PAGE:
With the holidays now over, we gleefully enter into that sweet spot of the winter season when the rush of vacationers subsides; prices lower and pistes become less crowded.
For those with a ski trip on the brain — whether that means playing hooky upstate, or hurling yourself out of an aircraft while chasing perfect pow — our shortlist of early 2020 picks promises to fulfill everyone’s downhill-ing dreams.
Easy drive: Monticello, NY
Located less than 100 miles from Manhattan, Holiday Mountain‘s biggest asset is its convenience; in two hours’ time you’re slaloming in the Catskills. The slopes may only be of the bunny variety — a great place to learn your “pizza and french fries” — but the après ski options are varsity league.
And while Holiday Mountain’s proximity makes day-tripping a viable option, the DeBruce, only 30 minutes away, is primed to snag ski bums for a night or two. Rates at the 14-room manse include a generous breakfast and a legendary multi-course dinner involving flash cards, board games, innovative wine pairings and farm-to-table fare boasting the best of each season’s harvest.
Long drive: Killington, Vt.
The largest ski and snowboard resort in the eastern US is in central Vermont; a five-hour drive from the Big Apple. Killington’s vast spider-web of almost 150 trails is almost as impressive as its elaborate snow-making system for when flurries thin.
“Killington gets around 250 inches of snow each year and uses 1,400 snow guns to cover — if need be — more than 600 of the resort’s 1,000 acres,” explains Dan Sherman, the CMO of Ski.com, meaning optimal conditions despite the specter of global warming.
And although the verticality pales in comparison to the Rockies, the terrain is very diverse, offering groomed cruisers, steeps, moguls and over a dozen tree skiing areas.
Situated 12 miles away as the crow flies, Twin Farms, one of the best inns in America, features six additional slopes available exclusively to its guests — though the sublime dining program and perfectly upholstered cabins make suiting up in your puffy coat and tackling the elements an unappealing prospect.
Easy flight: Alta, Utah
If you’re getting on an airplane to feed your skiing habit, then make a beeline for the Rockies.
A direct flight to Salt Lake City is your best bet; it’s only a quick 45-minute drive from tarmac to T-bar at Alta, one of America’s oldest recreational skiing spots. Scoring an average of almost 550 inches of snowfall each winter, Utah’s premiere peak is the down-to-earth, no-snowboarders-allowed antidote to some of the region’s more uppity mountain towns, earning raves for its deep powder skiing.
Stringent construction mandates have kept the village famously quaint, but a $ 50M investment recently transformed the once-rickety Snowpine Lodge into a gleaming high-end hotel complete with every luxe accoutrement of a mountain chalet, from custom boot warmers in each ski locker to a soothingly hot outdoor pool.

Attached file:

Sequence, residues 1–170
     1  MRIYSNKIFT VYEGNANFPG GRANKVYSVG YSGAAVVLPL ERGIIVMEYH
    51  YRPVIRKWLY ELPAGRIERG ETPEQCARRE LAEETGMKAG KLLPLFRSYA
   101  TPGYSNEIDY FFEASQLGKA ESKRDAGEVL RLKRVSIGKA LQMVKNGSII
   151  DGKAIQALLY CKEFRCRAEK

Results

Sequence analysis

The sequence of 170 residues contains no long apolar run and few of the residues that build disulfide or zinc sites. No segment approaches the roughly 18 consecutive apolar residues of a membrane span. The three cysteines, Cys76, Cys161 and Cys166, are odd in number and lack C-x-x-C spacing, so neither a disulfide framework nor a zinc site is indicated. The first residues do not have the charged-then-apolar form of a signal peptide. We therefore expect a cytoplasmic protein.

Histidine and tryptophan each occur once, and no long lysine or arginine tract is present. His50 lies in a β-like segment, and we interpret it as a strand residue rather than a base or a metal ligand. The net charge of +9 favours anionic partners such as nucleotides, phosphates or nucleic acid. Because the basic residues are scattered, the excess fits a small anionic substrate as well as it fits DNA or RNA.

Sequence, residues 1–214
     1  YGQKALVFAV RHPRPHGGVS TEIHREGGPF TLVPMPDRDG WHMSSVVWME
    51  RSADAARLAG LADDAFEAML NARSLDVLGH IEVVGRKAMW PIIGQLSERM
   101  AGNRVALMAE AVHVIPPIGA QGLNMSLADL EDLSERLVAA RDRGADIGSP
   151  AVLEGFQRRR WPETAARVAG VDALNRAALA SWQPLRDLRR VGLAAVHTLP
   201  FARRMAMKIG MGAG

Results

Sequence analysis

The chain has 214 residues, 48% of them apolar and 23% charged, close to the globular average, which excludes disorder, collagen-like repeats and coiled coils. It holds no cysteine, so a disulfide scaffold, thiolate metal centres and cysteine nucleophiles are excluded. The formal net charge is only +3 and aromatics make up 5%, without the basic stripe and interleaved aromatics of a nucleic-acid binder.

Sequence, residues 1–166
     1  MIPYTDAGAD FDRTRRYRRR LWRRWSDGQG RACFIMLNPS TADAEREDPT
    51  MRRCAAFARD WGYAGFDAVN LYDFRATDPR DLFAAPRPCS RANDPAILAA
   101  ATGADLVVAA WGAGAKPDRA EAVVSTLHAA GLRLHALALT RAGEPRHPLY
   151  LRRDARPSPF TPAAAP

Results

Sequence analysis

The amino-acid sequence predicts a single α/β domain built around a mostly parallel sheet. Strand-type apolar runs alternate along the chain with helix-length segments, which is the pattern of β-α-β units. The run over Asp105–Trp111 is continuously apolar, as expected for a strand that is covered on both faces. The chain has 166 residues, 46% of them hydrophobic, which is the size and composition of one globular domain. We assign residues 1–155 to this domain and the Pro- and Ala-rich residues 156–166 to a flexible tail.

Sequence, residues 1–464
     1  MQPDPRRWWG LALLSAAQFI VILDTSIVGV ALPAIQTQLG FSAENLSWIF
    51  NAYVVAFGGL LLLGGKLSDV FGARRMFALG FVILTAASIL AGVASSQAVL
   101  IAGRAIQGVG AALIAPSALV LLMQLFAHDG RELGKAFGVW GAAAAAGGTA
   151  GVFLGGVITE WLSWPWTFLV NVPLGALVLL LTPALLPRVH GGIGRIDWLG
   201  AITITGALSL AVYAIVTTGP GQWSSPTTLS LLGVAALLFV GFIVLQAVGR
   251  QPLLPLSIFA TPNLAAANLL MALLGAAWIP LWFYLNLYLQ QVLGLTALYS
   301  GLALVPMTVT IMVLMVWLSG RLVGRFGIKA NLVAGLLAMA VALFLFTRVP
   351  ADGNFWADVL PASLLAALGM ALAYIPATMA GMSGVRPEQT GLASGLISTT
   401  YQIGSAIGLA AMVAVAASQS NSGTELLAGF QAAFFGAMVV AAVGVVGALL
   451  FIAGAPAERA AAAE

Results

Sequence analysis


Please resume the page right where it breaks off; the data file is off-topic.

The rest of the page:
Long flight: Megève and Chamonix, France
The nonstop long-haul to Geneva, Switzerland yields an unbreakable tie — two compelling reasons to cross the pond — Chamonix (above) and Megève; both around an hour’s drive across the French border.
Crowned by a curl of gracefully arcing slopes, Megève lures those wanting powder and pampering in equal measure. The newly opened Chalets du Mont d’Arbois, a Four Seasons property, is the torchbearer of the legendary Rothschild family who established their hotel here 100 years ago.
“While Megève is truly a skier’s dream destination, Chamonix offers some of the world’s best expert skiing on its jagged peaks and glaciers that rise 12,500 feet above the valley floor,” adds Sherman.
As the OG alpine destination, Chamonix’s culture in town is more squarely sports-focused with high-performance gear shops lining the streets, though a handful of designer boutiques and a Michelin-anointed restaurant have crept in over the years due to its enduring international reputation.
Longer flight: Valdez, Alaska
Going from snorkeler to scuba diver is pretty straightforward: you enroll in a PADI Open Water course and snag a certification.
For skiers hoping to add the heli- prefix to their pedigree, the process seems a little more opaque. Luckily, there’s Valdez Heli Ski Guides; if you’re willing to make the journey to a rather remote corner of the 50th state, you’ll be swapping chairlifts for airlifts in no time.
From Tsaina Lodge, the birthplace of Alaskan heli-skiing, guests can land at the top of some of the steepest slopes in the world, but intermediate skiers will find plenty of space to work on their technique as the helicopter drops them anywhere along an expanse of untrampled blue terrain that’s larger than Vail, Apsen Snowmass and Beaver Creek combined.